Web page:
Interior Design Students’ Attitudes toward Distance Education
The innovation of distance education is expanding at an extremely rapid rate, making education more accessible. This paper investigates attitudes of interior design students toward distance education as a teaching/learning method in design studio courses. It is hypothesized that interior design students across academic classifications (freshmen, sophomores, juniors, and seniors) will have similar attitudes toward implementing distance education in their area of study. To test this hypothesis, a one-way analysis of variance (ANOVA) was conducted using 182 interior design students at a United States southeastern university. Results indicated no significant differences in students’ attitudes toward distance education in the area of interior design. Additionally, findings of this study indicated that distance education is not a proper method in design studio courses.
||Distance Education, Students' Attitudes, Interior Design
The International Journal of Humanities Education, Volume 10, Issue 2, pp.1-10.
Article: Print (Spiral Bound).
Article: Electronic (PDF File; 347.175KB).
Assistant Professor of Interior Design, Department of Design , College of Fine Arts, Yarmouk University, Irbid, Jordan
Dr. Obeidat is an assistant professor of interior design and is currently the chairperson of the Department of Design at Yarmouk University, Jordan. He earned a PhD in environmental design with a specialization in interior design from Texas Tech University, USA (2008). He also earned an MFA degree in interior design from Academy of Art University, USA (1996), and Bachelor’s degree in interior design from Yarmouk University, Jordan (1990). Dr. Obeidat’s research interests are related to environmental design, design for elderly and people with Alzheimer's disease, healthcare design, learning environments, design education, and design theories.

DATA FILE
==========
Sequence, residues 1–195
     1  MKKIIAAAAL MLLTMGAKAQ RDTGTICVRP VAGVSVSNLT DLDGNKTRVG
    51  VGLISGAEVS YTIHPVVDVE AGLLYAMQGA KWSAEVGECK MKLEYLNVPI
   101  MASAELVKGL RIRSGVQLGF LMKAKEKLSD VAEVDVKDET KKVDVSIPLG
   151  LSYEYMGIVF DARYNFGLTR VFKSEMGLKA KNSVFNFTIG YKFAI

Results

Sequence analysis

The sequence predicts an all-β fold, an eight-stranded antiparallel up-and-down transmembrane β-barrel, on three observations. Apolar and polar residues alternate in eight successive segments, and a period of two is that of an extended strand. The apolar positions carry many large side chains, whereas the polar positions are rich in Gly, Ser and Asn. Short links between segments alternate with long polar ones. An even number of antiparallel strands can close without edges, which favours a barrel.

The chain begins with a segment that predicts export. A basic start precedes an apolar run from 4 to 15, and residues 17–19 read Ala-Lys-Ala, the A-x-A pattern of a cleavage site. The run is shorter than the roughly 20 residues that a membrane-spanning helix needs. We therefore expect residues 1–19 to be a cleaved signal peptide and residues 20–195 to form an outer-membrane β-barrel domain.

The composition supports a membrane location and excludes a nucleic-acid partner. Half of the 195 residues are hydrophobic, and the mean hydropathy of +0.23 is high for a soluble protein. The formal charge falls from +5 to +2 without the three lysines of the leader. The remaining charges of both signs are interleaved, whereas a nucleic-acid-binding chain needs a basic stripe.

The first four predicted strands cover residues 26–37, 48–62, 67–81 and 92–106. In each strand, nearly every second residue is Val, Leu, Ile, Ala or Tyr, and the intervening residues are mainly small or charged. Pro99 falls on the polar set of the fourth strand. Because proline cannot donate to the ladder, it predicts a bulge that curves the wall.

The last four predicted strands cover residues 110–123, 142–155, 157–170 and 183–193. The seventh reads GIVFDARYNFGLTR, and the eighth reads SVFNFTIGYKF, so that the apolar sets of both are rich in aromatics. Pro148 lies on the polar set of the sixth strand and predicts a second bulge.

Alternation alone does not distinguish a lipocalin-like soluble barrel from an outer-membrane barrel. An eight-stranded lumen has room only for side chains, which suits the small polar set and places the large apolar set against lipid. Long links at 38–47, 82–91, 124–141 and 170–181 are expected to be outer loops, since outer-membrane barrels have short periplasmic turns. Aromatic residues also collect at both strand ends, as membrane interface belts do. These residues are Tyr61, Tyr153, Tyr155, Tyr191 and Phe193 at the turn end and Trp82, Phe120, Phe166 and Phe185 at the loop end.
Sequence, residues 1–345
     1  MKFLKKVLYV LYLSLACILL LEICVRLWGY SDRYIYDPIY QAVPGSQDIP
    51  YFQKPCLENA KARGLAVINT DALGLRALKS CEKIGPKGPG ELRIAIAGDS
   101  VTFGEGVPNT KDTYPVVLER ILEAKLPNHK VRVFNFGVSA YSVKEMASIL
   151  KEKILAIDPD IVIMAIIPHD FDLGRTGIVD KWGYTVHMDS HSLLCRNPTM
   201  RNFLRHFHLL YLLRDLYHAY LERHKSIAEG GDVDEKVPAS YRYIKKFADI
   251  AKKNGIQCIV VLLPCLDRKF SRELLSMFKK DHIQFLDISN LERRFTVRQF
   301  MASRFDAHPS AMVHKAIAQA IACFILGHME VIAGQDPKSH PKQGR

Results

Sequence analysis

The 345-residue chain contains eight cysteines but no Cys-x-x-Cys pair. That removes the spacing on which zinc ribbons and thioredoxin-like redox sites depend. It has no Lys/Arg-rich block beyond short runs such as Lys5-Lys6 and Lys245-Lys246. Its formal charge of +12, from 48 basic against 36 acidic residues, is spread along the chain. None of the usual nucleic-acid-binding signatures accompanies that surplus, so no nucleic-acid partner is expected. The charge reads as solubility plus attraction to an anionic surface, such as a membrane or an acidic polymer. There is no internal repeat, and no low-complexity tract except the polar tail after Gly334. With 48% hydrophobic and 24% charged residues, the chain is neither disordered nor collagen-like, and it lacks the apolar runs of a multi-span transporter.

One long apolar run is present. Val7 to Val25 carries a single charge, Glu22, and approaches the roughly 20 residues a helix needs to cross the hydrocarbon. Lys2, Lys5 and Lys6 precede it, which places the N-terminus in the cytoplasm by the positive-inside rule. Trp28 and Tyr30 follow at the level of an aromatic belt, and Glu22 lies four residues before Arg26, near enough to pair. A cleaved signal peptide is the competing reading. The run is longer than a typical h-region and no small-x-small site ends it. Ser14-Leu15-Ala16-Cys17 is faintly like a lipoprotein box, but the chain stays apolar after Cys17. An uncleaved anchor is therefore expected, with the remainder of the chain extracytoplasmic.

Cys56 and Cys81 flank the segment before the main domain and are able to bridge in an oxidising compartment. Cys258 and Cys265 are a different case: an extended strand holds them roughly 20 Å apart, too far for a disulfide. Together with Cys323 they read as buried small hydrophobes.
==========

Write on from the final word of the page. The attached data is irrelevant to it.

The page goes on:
Program Chair, School of Design, Environmental Design Research Association ID Network, Texsas Tech University, Lubbock, Texas, USA
Cherif Amor joined the faculty at Texas Tech University in 2000. He earned a Ph.D. in Environmental Design with a specialization in the semantics of the built environment, from the University of Missouri Columbia (2000). Early graduate work (M.Phil degree in architecture, 1987) with special emphasis on home environments was completed at the School of Architecture, New Castle Upon-Tyne, England. Recent research interests focuses on evidence-based design and interaction of culture and the built environment, based on an environmental behavior paradigm. Concomitantly, his publications on collaboration between design schools prompted another line of research interest—collaboration and pedagogy. He serves as a reviewer of several design journals/publications as well as a site visitor for the Council for Interior Design Accreditation (CIDA) and serves as the interior design network within the Environmental Design Research Association (EDRA). He formerly served as the Director of Education for the International Interior Design Association (IIDA), Texas Oklahoma Chapter. He currently serves as the chairperson of the Department of Design, Texas Tech University; curriculum review consultant for Texas International Education Consortium (TIEC); and consultant for the Interior Design Educators Council (IDEC) National/International task force. During the last six years, he has been the recipient and nominee of thirteen research and teaching awards.